Ch 07: Seeing Ourselves

Automated “Me”

Remember those days when people actually took out the time to write things and not just have technology do everything for them? seems like ages ago. To be honest, I miss those days. When each of us had that excitement to write down in our diaries what we had done, or put an effort on our minds of a memory we wanted to talk about. But now, that sense of effort is gone. Not only with communicating with each other, but with recording things of our very own lives. It’s ironic that will all the technology around us, it still seems to be such an effort to remember things that should be effortlessly in us already. It’s sad, but what to do?

Jill Walker Rettberg discusses the new invention of automated diaries in her article Automated Diaries. A chapter in a book highlighting the various aspects of technology and how we see ourselves, Rettberg talks about the transformation of diary entries. Real entries, which we used to write in books, indirectly provided a sense of an upcoming entry, a “call for yet another one.” But now, with multiple digital platforms to organize photos, locations and text of your day-to-day life and routine, the sense of putting in effort is almost if not completely diminished. There’s no urgency and eagerness for wanting to “share the news” (we do that in Kindergarten everyday) of talking about something disturbing or special that happened. It’s out there, for basically the whole world to see. And don’t say, I choose my followers or decide who can see my things. If it’s on a digital platform, it’s available for the world to access (if they really want to).

With the creation of Chronos, Facebook, Twitter, Instagram, Doppler, etc. everything from everyone is out there. And it’s strange. I used to have Instagram for a few years, but after a while, I wasn’t communicating with more than half the followers I had. I thought to myself, “And do I really want to know what’s going on their lives?” After a few days, I deleted my IG. I only connect with really close friends, people who I want to genuinely keep in touch with and whose life I want to be updated and who I want to update my life with. But surprisingly, this “urge to exhaustively document everything is now new” according to Rettberg. The want for a activity trackers, for a gamified version of life, is not new. It’s always been there, but now, there are ways of actually doing it. Use Narrative Clip to visually capture each moment of your day to supposedly “remember” every moment. So are you telling me that before all this, there was no way people could remember things that were actually worth remembering? Was it not possible before this? Some images become a studum, a picture with no meaning while some are punctums, a picture worth a thousand words. Everything has a different meaning to someone, but that feeling is timeless. Why is there a need to put it out there for us to prove it? Why is there this hunger to make everyone know what’s happening in our lives?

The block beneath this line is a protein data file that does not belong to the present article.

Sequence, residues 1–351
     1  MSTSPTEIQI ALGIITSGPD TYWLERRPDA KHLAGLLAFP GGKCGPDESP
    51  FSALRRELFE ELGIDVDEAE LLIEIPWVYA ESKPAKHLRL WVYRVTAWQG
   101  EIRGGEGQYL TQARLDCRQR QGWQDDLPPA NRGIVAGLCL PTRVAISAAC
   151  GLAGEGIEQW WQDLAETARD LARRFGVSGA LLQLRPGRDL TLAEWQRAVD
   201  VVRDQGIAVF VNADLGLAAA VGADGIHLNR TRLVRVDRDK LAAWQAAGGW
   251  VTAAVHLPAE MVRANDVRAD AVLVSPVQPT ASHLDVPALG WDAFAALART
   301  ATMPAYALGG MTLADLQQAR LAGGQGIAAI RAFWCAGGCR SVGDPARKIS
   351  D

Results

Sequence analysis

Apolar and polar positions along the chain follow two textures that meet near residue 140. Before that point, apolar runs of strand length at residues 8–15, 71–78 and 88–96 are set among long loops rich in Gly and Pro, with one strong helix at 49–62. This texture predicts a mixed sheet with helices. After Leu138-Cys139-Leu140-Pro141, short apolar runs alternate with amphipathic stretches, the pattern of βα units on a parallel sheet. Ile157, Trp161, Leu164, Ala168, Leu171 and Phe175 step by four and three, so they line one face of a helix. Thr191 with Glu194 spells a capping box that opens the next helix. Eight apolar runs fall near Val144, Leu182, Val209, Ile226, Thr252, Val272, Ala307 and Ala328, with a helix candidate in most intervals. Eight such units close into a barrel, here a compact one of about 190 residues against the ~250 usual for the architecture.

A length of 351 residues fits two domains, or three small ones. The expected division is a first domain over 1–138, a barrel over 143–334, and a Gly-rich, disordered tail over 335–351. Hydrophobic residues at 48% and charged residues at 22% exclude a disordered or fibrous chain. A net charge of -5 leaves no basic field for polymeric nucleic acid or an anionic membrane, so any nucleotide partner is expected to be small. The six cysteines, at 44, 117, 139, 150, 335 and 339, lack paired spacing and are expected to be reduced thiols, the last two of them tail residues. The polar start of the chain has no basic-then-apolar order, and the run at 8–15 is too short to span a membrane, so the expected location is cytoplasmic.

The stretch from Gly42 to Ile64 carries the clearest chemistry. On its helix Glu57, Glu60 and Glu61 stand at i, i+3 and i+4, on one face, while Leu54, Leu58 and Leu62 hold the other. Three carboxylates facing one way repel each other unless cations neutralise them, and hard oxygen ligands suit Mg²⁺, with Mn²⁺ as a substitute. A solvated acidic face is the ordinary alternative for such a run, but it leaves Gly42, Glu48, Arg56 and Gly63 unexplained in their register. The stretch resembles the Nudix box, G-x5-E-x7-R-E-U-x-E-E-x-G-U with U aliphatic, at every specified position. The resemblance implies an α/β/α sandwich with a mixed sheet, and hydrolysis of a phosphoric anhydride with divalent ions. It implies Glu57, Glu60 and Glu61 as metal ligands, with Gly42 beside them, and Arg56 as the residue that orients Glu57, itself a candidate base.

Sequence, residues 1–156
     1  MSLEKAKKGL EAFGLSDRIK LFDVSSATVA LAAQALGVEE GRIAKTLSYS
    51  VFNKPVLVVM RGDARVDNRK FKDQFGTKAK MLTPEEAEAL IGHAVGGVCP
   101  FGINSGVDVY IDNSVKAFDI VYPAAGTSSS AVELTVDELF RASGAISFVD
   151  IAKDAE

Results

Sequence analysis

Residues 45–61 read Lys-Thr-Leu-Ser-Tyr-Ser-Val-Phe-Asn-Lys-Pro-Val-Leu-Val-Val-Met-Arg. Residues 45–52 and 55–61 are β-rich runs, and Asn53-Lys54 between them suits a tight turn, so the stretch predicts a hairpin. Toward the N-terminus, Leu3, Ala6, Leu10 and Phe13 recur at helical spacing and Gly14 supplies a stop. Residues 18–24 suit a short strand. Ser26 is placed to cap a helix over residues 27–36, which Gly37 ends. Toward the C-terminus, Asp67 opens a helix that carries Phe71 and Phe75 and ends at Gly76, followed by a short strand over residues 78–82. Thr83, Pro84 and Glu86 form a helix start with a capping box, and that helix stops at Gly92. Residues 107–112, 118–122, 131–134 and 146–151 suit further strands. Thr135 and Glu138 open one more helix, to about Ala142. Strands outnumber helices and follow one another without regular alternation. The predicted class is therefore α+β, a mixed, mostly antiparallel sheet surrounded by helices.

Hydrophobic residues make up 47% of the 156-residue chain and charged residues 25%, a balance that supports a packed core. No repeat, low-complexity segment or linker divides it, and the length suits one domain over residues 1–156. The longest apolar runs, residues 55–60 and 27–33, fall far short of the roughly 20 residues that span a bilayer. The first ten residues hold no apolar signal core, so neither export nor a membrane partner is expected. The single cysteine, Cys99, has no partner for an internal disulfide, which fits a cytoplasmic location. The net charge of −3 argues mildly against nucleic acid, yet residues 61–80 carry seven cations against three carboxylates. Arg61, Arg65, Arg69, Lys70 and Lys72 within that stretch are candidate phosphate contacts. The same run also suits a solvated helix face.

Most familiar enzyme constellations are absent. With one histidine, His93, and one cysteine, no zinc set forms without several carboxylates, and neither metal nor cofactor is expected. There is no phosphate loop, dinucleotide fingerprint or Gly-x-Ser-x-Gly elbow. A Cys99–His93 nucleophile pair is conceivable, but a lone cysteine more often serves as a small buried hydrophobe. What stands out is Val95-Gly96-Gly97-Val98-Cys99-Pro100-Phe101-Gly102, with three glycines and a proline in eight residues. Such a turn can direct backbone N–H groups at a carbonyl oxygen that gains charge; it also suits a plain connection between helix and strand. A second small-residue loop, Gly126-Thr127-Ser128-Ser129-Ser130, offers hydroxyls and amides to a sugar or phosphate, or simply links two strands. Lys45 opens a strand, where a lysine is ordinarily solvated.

I personally used to be a fan of automated diaries, displaying my location, pictures, etc to my “friends” and family, but not anymore. With time, things change, mentalities changes, people change. Sit down, take out the time and enter it into a journal. It makes it more personal. All I know is that running behind an automated diary or something close to it, will definitely make the world look at your life, but in the process of capturing that moment, will you be really living it or will you miss out on it? Think about it…an automated diary shouldn’t create an automated “me.”

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